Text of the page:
electoral dignity. Deaf to the suggestions of a rational policy, he
listened only to the dictates of heated ambition; by supporting the
Emperor he exasperated France, his formidable neighbor; and in the
pursuit of a visionary phantom in another country, left undefended his
own dominions, which were instantly overrun by a French army. Austria
willingly conceded to him, as well as to the other princes of the
League, the honor of being ruined in her cause. Intoxicated with vain
hopes, this prince collected a force of 17,000 men, which he proposed
to lead in person against the Swedes. If these troops were deficient
in discipline and courage, they were at least attractive by the
splendor of their accoutrements; and however sparing they were of
their prowess against the foe, they were liberal enough with it
against the defenceless citizens and peasantry whom they were summoned
to defend. Against the bravery and the formidable discipline of the
Swedes this splendidly attired army, however, made no long stand. On
the first advance of the Swedish cavalry a panic seized them, and they
were driven without difficulty from their cantonments in Wuertzburg;
the defeat of a few regiments occasioned a general rout, and the
scattered remnant sought a covert from the Swedish valor in the towns
beyond the Rhine. Loaded with shame and ridicule, the duke hurried
home by Strasburg, too fortunate in escaping, by a submissive written
apology, the indignation of his conqueror, who had first beaten him
out of the field and then called upon him to account for his
hostilities. It is related upon this occasion that, in a village on
the Rhine a peasant struck the horse of the duke as he rode past,
exclaiming, "Haste, Sir, you must go quicker to escape the great King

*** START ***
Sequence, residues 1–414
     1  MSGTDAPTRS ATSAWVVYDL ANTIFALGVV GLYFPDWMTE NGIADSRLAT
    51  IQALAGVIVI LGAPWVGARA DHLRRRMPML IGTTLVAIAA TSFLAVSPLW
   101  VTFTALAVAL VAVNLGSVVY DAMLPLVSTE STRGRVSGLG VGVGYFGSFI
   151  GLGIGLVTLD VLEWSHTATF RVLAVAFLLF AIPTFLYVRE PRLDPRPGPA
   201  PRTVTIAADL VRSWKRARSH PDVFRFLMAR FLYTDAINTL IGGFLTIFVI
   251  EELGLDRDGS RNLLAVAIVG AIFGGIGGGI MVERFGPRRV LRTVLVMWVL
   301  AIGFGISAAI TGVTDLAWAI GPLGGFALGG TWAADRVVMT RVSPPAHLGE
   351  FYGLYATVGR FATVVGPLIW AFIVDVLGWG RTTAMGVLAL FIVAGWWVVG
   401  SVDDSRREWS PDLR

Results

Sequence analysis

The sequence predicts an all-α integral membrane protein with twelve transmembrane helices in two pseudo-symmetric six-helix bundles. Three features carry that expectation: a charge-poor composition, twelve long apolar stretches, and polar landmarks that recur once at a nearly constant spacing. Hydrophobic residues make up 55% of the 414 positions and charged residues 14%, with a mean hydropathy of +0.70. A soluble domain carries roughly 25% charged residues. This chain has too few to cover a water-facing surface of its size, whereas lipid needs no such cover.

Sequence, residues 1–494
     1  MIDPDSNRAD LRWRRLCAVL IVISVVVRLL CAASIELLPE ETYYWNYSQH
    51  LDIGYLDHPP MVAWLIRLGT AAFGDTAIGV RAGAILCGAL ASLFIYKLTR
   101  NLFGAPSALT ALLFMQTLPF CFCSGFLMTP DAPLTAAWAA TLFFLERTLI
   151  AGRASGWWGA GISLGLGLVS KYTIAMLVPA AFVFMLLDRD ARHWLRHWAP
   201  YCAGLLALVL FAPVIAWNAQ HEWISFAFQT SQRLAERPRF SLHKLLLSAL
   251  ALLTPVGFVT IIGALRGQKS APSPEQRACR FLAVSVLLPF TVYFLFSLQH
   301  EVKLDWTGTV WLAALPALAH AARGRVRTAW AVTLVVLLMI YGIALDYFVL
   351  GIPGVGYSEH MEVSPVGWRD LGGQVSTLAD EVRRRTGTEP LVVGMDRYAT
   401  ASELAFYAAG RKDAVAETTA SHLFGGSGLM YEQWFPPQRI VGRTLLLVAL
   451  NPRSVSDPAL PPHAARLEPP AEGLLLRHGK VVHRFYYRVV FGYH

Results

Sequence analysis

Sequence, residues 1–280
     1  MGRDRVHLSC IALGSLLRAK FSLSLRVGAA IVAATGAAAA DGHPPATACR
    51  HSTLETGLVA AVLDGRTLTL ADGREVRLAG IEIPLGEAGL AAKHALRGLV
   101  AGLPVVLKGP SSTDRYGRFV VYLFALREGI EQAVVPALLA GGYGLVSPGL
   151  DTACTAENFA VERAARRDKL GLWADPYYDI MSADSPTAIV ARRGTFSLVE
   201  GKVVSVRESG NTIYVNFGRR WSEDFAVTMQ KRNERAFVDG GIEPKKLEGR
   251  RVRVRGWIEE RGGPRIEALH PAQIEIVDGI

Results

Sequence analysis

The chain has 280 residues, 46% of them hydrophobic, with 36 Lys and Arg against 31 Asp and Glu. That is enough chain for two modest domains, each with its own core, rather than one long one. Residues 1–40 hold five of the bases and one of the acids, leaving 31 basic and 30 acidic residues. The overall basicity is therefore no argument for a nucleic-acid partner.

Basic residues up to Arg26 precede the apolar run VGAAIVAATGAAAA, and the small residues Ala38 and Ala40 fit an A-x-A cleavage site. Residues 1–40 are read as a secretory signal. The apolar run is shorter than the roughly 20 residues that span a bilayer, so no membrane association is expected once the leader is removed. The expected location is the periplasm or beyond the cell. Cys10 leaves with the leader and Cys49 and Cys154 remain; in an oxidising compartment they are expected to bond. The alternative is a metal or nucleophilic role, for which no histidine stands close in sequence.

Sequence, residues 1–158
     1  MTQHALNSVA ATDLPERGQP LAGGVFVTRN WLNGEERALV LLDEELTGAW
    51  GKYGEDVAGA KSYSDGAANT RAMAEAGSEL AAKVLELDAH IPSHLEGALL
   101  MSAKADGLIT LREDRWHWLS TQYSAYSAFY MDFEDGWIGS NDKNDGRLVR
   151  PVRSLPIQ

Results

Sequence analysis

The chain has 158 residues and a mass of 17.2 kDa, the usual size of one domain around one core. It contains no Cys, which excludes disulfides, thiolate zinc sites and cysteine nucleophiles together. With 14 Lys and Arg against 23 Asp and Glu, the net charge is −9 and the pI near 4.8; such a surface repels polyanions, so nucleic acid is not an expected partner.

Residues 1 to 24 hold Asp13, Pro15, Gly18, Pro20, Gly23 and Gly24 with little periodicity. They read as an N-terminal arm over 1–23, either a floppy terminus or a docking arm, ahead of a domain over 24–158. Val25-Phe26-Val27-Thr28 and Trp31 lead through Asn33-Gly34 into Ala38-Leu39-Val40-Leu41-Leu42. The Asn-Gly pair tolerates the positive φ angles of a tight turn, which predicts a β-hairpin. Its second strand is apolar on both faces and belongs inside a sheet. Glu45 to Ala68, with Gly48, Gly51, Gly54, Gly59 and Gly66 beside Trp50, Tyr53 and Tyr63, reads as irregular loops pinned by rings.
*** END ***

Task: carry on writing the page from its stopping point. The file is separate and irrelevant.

of Sweden!"

The example of his neighbors' misfortunes had taught the Bishop of
Bamberg prudence. To avert the plundering of his territories, he made
offers of peace, though these were intended only to delay the king's
course till the arrival of assistance. Gustavus Adolphus, too
honorable himself to suspect dishonesty in another, readily accepted
the bishop's proposals and named the conditions on which he was
willing to save his territories from hostile treatment. He was the
more inclined to peace, as he had no time to lose in the conquest of
Bamberg, and his other designs called him to the Rhine. The rapidity
with which he followed up these plans cost him the loss of those
pecuniary supplies which, by a longer residence in Franconia, he might
easily have extorted from the weak and terrified bishop. This artful
prelate broke off the negotiation the instant the storm of war passed
away from his own territories. No sooner had Gustavus marched onward
than he threw himself under the protection of Tilly, and received the
troops of the Emperor into the very towns and fortresses which shortly
before he had shown himself ready to open to the Swedes. By this
stratagem, however, he delayed only for a brief interval the ruin of
his bishopric. A Swedish general who had been left in Franconia,
undertook to punish the perfidy of the bishop; and the ecclesiastical
territory became the seat of war, and was ravaged alike by friends and

The formidable presence of the Imperialists had hitherto been a check
upon the Franconian States; but their retreat, and the humane conduct
of the Swedish king, emboldened the nobility and other inhabitants of
this circle to declare in his favor. Nuremberg joyfully committed
itself to his protection; and the Franconian nobles were won to his
cause by flattering proclamations, in which he condescended to
apologize for his hostile appearance in their dominions. The fertility
of Franconia, and the rigorous honesty of the Swedish soldiers in
their dealings with the inhabitants, brought abundance to the camp of
the king. The high esteem which the nobility of the circle felt for